Airbnb Filed for Initial Public Offering
Last Monday, Airbnb filed for its initial public offering (IPO).
The company has put out feelers about its IPO for a few years now, however, the timing was never quite perfect for it. At the beginning of the year, Airbnb had almost committed to going public. Then the coronavirus and its spread throughout the world ushered in months of market volatility. With so many uncertainties surrounding the virus, most of the world went into lockdown to prevent further spread.
Naturally, that put Airbnb’s IPO plans on the backburner as it and other companies waited for a little more understanding about the virus and to see if markets would be receptive to public offerings. Last week, I talked about DoorDash and how it adjusted its IPO plans because of COVID-19.
It was supposed to be a big year for the IPO market. I remember writing about what we could expect from 2020’s IPO market around this time in 2019. I don’t think a contagious virus was on anyone’s mind then.
However, it wasn’t a total bust for the 2020 IPO market. One hundred ninety IPOs were priced. According to Renaissance Capital, total proceeds were about $67.6 billion this year, up 55.1% from last year. Additionally, companies filed 242 IPOs this year, up 22.8% from last year.
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Things began to pick back up in the summer months, with several successful IPOs. They may not have been those highly anticipated few from 2019, but it was still good to see some movement within the market. Now it’s almost the end of the year, and we’re hearing that companies like DoorDash, Airbnb, Affirm, and Robinhood are all considering going public very soon. We know that DoorDash and Airbnb have already filed their S-1s with the SEC. So, since I talked about DoorDash last week, this week I’ll take a look at Airbnb’s upcoming IPO.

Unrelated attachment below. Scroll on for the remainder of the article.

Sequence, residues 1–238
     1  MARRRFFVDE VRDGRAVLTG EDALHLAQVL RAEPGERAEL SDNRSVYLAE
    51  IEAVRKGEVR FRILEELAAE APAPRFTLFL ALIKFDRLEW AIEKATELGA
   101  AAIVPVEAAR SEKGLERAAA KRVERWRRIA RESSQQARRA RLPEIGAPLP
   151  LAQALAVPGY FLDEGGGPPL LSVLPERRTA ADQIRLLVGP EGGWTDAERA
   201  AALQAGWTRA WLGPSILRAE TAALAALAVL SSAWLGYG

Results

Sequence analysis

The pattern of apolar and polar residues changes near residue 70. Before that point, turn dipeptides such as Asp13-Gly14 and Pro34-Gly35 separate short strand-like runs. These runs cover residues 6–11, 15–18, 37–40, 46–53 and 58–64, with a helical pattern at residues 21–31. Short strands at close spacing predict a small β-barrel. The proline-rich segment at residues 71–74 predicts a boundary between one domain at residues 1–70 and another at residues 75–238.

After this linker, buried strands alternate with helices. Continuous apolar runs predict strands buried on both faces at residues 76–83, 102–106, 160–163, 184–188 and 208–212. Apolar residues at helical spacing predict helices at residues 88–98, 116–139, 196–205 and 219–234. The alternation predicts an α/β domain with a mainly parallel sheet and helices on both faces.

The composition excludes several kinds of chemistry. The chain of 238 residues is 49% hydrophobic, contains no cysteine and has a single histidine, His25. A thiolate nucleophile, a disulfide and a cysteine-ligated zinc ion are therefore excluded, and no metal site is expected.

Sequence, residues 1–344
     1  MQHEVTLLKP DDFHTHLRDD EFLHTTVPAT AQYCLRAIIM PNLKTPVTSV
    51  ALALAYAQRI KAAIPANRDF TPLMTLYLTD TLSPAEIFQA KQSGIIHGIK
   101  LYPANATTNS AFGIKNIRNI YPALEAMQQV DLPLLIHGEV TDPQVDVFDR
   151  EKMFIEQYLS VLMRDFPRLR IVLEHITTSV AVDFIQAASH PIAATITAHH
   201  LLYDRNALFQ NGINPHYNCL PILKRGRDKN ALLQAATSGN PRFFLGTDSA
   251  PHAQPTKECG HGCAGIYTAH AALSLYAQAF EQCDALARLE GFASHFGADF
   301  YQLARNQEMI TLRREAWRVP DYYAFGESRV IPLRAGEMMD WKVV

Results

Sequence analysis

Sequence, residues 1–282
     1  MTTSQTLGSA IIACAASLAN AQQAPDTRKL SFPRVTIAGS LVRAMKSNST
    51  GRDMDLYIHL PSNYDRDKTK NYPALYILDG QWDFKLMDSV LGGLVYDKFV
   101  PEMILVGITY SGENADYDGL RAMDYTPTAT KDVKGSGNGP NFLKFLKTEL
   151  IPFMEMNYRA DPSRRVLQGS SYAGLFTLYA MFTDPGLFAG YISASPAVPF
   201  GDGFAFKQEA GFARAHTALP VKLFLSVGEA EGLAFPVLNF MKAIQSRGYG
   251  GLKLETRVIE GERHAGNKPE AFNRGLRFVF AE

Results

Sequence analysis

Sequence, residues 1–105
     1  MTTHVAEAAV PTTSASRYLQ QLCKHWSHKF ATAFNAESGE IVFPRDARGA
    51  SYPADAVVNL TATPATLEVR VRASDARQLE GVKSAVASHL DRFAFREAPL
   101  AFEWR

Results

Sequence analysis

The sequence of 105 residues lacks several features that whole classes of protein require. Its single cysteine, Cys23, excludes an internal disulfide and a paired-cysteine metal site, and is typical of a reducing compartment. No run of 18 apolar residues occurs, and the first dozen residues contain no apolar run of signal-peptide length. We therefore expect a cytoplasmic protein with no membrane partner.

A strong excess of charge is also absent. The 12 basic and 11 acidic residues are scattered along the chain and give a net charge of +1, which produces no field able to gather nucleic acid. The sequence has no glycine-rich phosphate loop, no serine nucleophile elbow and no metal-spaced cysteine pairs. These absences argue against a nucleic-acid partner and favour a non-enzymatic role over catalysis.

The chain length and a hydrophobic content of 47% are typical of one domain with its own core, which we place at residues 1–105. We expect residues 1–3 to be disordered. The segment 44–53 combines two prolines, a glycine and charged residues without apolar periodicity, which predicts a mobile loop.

Airbnb and the COVID-19 Effect
The coronavirus has obviously had an enormous impact on the world. You can’t turn on the news without hearing about it, and you’ll find a similar focus in Airbnb’s IPO filing. The word “COVID-19” appears in the company’s prospectus about 215 times. Airbnb will continue to be affected by COVID-19 because it operates in the travel industry. The company offers travelers a marketplace of accommodations, where they can browse homes, apartments, extra spaces, etc. to rent.
With Airbnb’s business solely in the travel industry, the travel restrictions brought about because of COVID-19 eroded the company’s financials. Its revenue decreased by about $2.5 billion in the first nine months of 2020. Its net losses rose from $322 million to $696 million. Its net cash from operating activities also took a hit — from a gain of $419 million to a loss of $490 million during the same period.
This has been difficult for Airbnb because it was already dealing with considerable debt before the pandemic. In April, it took on an additional $2 billion in high-interest debt. While its financial situation appears grim, the business did see a slight uptick during the summer months when some countries lifted restrictions and people began to travel to rural areas to vacation or simply work from home.
Airbnb IPO Details
Airbnb filed its IPO prospectus with the SEC on Monday, November 16. It plans to list on the Nasdaq under the ticker symbol “ABNB.” It’s reportedly aiming to raise about $3 billion, which would put the company’s valuation near $30 billion.
Airbnb’s financials are not the best at the moment — COVID-19 travel restrictions will continue to hamper its business, and while the travel industry should pick back up once there’s a vaccine available to everyone, travelers could still be hesitant to book that ticket. The upside, though, is that Airbnb’s 2020 financial results are a lot better than other companies in its industry, like Delta (NYSE: DAL) or Hilton (NYSE: HIL). But, when all is said and done, the travel industry will rebound, and getting in on Airbnb before that happens could have its benefits.
It’s still a little too soon to take a definitive stance on this IPO’s prospects, but we should gain more understanding as we creep into December.